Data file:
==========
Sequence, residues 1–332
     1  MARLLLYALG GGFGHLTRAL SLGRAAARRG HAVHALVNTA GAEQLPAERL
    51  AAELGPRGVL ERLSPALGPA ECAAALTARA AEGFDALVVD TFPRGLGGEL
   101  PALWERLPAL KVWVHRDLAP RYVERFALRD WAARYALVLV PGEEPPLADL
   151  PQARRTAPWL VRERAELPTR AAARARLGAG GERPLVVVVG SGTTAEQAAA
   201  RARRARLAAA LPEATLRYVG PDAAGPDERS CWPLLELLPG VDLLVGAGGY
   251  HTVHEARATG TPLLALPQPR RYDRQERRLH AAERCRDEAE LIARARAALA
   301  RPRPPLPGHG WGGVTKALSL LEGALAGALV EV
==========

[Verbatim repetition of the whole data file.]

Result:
Sequence, residues 1–332
     1  MARLLLYALG GGFGHLTRAL SLGRAAARRG HAVHALVNTA GAEQLPAERL
    51  AAELGPRGVL ERLSPALGPA ECAAALTARA AEGFDALVVD TFPRGLGGEL
   101  PALWERLPAL KVWVHRDLAP RYVERFALRD WAARYALVLV PGEEPPLADL
   151  PQARRTAPWL VRERAELPTR AAARARLGAG GERPLVVVVG SGTTAEQAAA
   201  RARRARLAAA LPEATLRYVG PDAAGPDERS CWPLLELLPG VDLLVGAGGY
   251  HTVHEARATG TPLLALPQPR RYDRQERRLH AAERCRDEAE LIARARAALA
   301  RPRPPLPGHG WGGVTKALSL LEGALAGALV EV